92P

Eisacktaler Kellerei Cantina Valle Isarco Sabiona Sylvaner 2018

Sylvaner from the “holy mountain” beneath the abbey founded in

 350 A.D. It comes with an extraordinary perfumed fragrance and an electric acidity that elevates both fruit and the long and delicate finish. 

95P

Eisacktaler Kellerei Cantina Valle Isarco Aristos Kerner 2019

Expressive and energetic. It has a high acidity that tinkles the floral and green fruit flavours.

Impressive elevation of this variety. 

93P 

Eisacktaler Kellerei Cantina Valle Isarco Aristos Kerner 2018

The cooperative is known for its high quality Kerner and this one of them. Intens aromatics, crispy high acidity and a powerful well composed structure. 

94P

Cantina Terlan Pinot Grigio Tradition 2019

Lime juice, ginger and herbal aromas. This is a mineral driven wine with an electric and pronounced acidity. 

90P

Cantina Terlan Winkl Sauvignon Blanc 2019

Super floral and fruity with a lively acidity to balance it perfectly. This is a captivating and quite sophisticated Sauvignon blanc. 

93P

Cantina Terlan Lagrein 2015

Juicy red and blackberries with a medium body, herbal notes and a fresh acidity. This is exactly why Lagrein continues to gain in popularity. 

92P 

Cantina Andrian Pinot Noir 2016

This wine presents a fruity and vibrant palate with a juicy and crispy acidity that beautifully elevates all the delicate impressions. Great quality for a basic line wine!

93P 

Manincor Eichhorn Pinot Bianco 2019

Good amount of fruit, acidity and a nicely rounded texture. Mediocre. 

89P

Manincor Sophie Chardonnay 2019

Lovely focused bouquet with intense flavours rapet around a crispy minerality and a long mineral driven finish. Leaves a joyful expression.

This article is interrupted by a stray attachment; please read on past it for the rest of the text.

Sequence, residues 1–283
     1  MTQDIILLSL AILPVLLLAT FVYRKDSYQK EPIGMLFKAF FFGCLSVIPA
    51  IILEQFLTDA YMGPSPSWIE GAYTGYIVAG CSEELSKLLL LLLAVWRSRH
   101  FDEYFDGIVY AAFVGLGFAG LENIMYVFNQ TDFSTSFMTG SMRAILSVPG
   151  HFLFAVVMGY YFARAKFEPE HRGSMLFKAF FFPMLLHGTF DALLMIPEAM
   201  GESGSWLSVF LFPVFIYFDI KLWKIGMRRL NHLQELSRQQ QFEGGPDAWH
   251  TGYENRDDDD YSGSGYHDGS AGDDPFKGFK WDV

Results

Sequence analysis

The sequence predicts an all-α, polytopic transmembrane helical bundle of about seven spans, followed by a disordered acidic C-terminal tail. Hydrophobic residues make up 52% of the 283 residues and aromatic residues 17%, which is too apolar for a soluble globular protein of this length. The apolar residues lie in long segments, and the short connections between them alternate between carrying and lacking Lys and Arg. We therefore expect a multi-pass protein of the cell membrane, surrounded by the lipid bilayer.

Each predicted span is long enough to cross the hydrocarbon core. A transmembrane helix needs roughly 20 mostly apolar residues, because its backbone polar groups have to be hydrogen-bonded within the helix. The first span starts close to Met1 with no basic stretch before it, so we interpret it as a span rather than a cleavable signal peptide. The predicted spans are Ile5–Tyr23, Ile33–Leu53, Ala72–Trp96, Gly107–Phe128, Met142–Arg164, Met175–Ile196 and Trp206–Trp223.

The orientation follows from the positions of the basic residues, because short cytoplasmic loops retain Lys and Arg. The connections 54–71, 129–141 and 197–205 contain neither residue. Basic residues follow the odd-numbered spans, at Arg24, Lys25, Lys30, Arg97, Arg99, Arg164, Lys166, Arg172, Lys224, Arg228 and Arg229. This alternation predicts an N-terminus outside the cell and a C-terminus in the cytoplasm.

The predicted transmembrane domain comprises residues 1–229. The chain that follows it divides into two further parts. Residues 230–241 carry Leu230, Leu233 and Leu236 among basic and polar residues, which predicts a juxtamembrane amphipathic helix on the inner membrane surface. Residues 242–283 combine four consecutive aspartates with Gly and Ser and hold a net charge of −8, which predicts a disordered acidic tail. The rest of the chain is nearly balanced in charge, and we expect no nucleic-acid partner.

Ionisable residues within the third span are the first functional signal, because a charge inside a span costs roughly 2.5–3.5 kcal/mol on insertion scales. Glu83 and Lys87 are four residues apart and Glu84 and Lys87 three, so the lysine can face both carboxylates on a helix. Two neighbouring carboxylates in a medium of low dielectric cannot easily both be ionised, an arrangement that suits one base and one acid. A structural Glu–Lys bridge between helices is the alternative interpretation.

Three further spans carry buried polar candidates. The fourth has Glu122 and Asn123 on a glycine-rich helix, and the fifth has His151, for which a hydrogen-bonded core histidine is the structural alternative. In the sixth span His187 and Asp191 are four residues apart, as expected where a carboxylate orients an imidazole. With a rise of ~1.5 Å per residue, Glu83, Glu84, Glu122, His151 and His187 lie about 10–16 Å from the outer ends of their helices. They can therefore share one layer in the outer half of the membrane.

93P

Manincor Tannenberg Sauvignon Blanc 2019

Rich and perfumed aromas with high and intense crisp acidity. It has spicy flavour and noticeable impact from skin contact. It is a Sauvignon Blanc that differs radically from the norm. 

93P

Manincor Réserve della Contessa 2019

Complex and packed nose with flowers, ginger and fresh fruit. It has an intense and lively acidity, loads of flavors and a long and spicy finish.

This wine examples the art of blending superbly. 

94P 

Manincor Cassiano 2019

Intense and energetic wine that are beautifully balanced. There are a good amount of acidity and a tense core that needs a few years to fully moderate. 

95P

Cantina Tramin Gewürztraminer 2020

Expressive aromas of rosehip flowers and tropical fruit. It delivers a creamy mouthfeel with an elevated acidity and slightly tannic bite in the finish. Brilliant effort in this entry level wine that truly shows Tramins masterskills in this variety. 

93P 

Cantina Tramin Gewürztraminer Terminum 2017

Owerhvelming fragrance of dried tropical fruits and intense aromatic flavors with a high level of residual sugar that the amount of acidity has difficulties to follow. 

92P 

Cantina Tramin Pinot Grigio Unterebner 2019

It is juicy and intense with a creamy mouthfeel and a lot of personality. This belongs to some of the most serious Pinot Grigio in all of Italy. 

92P